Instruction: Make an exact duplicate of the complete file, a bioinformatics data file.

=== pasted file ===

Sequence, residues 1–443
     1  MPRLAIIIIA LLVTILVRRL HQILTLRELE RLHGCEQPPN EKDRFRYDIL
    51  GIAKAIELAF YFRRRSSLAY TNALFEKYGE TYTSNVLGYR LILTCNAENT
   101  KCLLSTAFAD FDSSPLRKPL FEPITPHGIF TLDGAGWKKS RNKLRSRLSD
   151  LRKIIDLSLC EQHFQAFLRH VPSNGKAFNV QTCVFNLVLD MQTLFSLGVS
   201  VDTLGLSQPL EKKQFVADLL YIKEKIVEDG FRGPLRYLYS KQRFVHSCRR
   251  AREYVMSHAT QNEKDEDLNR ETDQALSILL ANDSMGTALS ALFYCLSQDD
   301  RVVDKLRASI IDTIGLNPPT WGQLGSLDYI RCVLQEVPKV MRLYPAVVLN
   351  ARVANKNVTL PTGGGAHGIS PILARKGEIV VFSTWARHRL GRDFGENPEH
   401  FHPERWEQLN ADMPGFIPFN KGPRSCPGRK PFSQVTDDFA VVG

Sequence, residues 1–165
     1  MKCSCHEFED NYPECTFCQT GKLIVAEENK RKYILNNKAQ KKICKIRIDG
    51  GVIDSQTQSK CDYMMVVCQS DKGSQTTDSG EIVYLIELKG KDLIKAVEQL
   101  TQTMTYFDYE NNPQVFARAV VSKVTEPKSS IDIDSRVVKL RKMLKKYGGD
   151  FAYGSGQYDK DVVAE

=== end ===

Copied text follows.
Sequence, residues 1–443
     1  MPRLAIIIIA LLVTILVRRL HQILTLRELE RLHGCEQPPN EKDRFRYDIL
    51  GIAKAIELAF YFRRRSSLAY TNALFEKYGE TYTSNVLGYR LILTCNAENT
   101  KCLLSTAFAD FDSSPLRKPL FEPITPHGIF TLDGAGWKKS RNKLRSRLSD
   151  LRKIIDLSLC EQHFQAFLRH VPSNGKAFNV QTCVFNLVLD MQTLFSLGVS
   201  VDTLGLSQPL EKKQFVADLL YIKEKIVEDG FRGPLRYLYS KQRFVHSCRR
   251  AREYVMSHAT QNEKDEDLNR ETDQALSILL ANDSMGTALS ALFYCLSQDD
   301  RVVDKLRASI IDTIGLNPPT WGQLGSLDYI RCVLQEVPKV MRLYPAVVLN
   351  ARVANKNVTL PTGGGAHGIS PILARKGEIV VFSTWARHRL GRDFGENPEH
   401  FHPERWEQLN ADMPGFIPFN KGPRSCPGRK PFSQVTDDFA VVG

Sequence, residues 1–165
     1  MKCSCHEFED NYPECTFCQT GKLIVAEENK RKYILNNKAQ KKICKIRIDG
    51  GVIDSQTQSK CDYMMVVCQS DKGSQTTDSG EIVYLIELKG KDLIKAVEQL
   101  TQTMTYFDYE NNPQVFARAV VSKVTEPKSS IDIDSRVVKL RKMLKKYGGD
   151  FAYGSGQYDK DVVAE